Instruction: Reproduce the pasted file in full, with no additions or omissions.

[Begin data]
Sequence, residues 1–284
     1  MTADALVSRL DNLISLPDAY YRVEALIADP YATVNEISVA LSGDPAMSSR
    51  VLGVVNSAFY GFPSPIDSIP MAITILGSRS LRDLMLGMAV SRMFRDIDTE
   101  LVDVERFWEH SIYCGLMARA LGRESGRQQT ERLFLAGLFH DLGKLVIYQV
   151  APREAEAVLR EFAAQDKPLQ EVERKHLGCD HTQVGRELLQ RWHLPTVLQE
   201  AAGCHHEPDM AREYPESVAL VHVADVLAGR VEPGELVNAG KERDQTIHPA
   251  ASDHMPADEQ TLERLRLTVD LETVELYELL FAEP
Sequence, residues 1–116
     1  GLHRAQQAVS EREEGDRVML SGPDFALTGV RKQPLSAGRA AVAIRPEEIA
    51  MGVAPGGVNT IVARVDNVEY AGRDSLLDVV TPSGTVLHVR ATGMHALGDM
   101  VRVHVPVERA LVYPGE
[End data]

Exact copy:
Sequence, residues 1–284
     1  MTADALVSRL DNLISLPDAY YRVEALIADP YATVNEISVA LSGDPAMSSR
    51  VLGVVNSAFY GFPSPIDSIP MAITILGSRS LRDLMLGMAV SRMFRDIDTE
   101  LVDVERFWEH SIYCGLMARA LGRESGRQQT ERLFLAGLFH DLGKLVIYQV
   151  APREAEAVLR EFAAQDKPLQ EVERKHLGCD HTQVGRELLQ RWHLPTVLQE
   201  AAGCHHEPDM AREYPESVAL VHVADVLAGR VEPGELVNAG KERDQTIHPA
   251  ASDHMPADEQ TLERLRLTVD LETVELYELL FAEP
Sequence, residues 1–116
     1  GLHRAQQAVS EREEGDRVML SGPDFALTGV RKQPLSAGRA AVAIRPEEIA
    51  MGVAPGGVNT IVARVDNVEY AGRDSLLDVV TPSGTVLHVR ATGMHALGDM
   101  VRVHVPVERA LVYPGE